The LimeSDR mini is able to receive over a huge frequency range (10 MHz - 3.5 GHz), so having recently bought one "hexandflex" wanted to build an ultra wideband antenna to go along with it. On his three part blog post hexandflex introduces us to various ultra wideband antennas, introduces us to and shows us how to design and build a Vivaldi ultra wideband antenna, and measures the performance of the Vivaldi that he built.
The Vivaldi is a fairly well known ultra wideband antenna that is directional. It is fairly easy to build out of a PCB board, but requires some careful design considerations to work well. In the second post hexandflex goes over all the design considerations that he put into his Vivaldi incliding the feed design, substrate choice and additional improvements like adding corrugations and crafting the geometry for a lens effect.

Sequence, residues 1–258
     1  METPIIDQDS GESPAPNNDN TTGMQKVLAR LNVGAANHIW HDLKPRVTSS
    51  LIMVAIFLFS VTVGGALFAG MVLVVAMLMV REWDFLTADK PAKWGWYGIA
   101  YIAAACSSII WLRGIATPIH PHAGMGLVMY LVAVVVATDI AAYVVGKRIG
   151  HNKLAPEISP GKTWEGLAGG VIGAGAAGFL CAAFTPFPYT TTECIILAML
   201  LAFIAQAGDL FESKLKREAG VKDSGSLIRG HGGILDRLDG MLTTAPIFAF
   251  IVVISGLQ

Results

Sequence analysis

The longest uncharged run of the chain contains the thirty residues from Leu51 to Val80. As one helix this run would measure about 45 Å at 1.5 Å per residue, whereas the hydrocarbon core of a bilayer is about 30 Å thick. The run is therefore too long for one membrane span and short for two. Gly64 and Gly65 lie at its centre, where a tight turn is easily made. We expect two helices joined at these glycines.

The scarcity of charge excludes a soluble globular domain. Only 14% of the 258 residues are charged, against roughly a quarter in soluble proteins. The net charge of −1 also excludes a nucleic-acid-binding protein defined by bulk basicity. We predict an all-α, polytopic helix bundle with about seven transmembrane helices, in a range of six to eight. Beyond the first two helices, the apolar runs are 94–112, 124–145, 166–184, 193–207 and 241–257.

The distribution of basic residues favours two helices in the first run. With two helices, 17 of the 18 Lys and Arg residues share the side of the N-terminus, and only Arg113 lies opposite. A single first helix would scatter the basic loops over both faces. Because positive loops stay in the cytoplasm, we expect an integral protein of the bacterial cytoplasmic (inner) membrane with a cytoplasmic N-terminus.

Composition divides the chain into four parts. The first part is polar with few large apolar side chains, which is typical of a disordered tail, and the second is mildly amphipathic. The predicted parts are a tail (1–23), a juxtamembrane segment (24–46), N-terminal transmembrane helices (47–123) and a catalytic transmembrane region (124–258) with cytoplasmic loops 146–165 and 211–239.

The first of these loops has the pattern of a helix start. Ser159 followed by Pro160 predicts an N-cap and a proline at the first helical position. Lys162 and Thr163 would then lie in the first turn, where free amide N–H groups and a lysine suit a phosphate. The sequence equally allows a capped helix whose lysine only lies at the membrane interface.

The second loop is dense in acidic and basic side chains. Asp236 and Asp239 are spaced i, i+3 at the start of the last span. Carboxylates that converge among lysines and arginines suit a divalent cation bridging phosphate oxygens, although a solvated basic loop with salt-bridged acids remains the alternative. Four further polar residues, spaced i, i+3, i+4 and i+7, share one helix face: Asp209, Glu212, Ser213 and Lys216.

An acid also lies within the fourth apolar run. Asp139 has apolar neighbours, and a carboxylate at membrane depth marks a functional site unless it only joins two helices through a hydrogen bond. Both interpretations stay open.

The results show that the antenna works well as a directional antenna above 1.7 GHz, and begins to work more like a standard dipole below 1.7 GHz. Directional gain is greater than 5dB above 1.7 GHz, and becomes negative below 1 GHz. Although hexandflex notes that the gain below 1 GHz is still reasonable, and probably still better than any untuned monopole.
Hexandflex has put up a small number of Vivaldi antennas that he's produced up for sale on Tindie for US$18. Currently he has a limited batch of units to sell, but notes that he may run additional batches if they are popular.